The protective effect of biodiversity

The protective effect of biodiversity

Experiment indicates that a greater number of amphibian species helps deter the transmission of a fatal fungal disease

CARLOS FIORAVANTI | ED. 226 | DECEMBER 2014

© C.G. BECKER

Some of the frog species used in the experiment: diversity prevents contagion

Some of the frog species used in the experiment: diversity prevents contagion

Intuition, mathematical models and field observations have suggested that loss of native vegetation and all of its associated organisms may promote the transmission of viruses, bacteria and other disease-causing agents. The problem is that other scientific studies have argued the opposite. A new experiment has now strengthened the first possibility—the greater the number of species, the lower the transmission rate of a disease—by showing that the transmission of a fungus that caused the extinction of amphibians in several countries was 66% lower among groups of frogs with greater species diversity, compared to groups with a single species.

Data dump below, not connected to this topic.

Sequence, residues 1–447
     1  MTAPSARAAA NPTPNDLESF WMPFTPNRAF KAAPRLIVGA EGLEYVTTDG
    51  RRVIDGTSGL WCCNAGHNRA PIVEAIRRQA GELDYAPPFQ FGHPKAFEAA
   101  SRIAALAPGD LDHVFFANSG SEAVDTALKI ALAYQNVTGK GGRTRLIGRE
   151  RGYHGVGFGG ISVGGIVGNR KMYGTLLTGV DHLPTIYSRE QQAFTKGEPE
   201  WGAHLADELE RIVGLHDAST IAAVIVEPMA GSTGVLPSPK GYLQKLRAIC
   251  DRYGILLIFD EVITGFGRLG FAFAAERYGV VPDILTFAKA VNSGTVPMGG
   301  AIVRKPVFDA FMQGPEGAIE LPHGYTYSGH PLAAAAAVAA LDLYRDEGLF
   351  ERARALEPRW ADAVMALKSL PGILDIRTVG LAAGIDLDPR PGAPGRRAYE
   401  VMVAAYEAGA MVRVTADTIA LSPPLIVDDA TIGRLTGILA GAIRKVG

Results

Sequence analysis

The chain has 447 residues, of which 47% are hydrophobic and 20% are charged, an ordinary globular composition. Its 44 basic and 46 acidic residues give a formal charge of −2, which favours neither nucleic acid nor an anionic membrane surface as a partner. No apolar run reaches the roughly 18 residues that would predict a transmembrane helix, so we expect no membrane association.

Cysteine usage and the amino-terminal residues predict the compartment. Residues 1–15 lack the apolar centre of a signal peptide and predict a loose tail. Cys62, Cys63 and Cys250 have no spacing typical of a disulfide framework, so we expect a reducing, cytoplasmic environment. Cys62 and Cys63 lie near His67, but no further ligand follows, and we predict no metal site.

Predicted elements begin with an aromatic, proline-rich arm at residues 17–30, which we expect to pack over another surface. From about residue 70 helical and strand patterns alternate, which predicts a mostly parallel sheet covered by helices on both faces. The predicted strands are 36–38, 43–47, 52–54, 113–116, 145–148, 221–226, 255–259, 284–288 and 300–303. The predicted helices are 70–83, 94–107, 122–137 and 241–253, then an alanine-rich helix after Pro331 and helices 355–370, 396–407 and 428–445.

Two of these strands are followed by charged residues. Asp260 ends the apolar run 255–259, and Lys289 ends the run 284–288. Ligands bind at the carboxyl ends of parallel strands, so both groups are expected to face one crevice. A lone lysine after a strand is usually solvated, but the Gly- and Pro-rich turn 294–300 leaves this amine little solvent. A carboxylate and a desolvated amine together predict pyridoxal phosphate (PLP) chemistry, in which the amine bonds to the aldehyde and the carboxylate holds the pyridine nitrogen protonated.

“Diversity alone, regardless of species composition, deters disease transmission,” concludes biologist Carlos Guilherme Becker, a researcher at São Paulo State University (Unesp) at Rio Claro and principal investigator for the study. Biological richness, therefore, measured by the number of plant and animal species, seems to have a protective effect by hindering the transmission of disease-causing agents.

On the basis of this reasoning, we can associate the loss of native vegetation, along with the organisms it hosts, with the emergence of viral diseases such as those responsible for the AIDS epidemic in the 1990s and the present-day outbreaks of Ebola. The viruses that cause these diseases were initially found in natural reservoirs, the wild animals that the poorest inhabitants of Africa kill for food.  “Recent years have seen intensive deforestation and hunting in the countries with the largest number of Ebola cases at present,”  Becker says. Read more.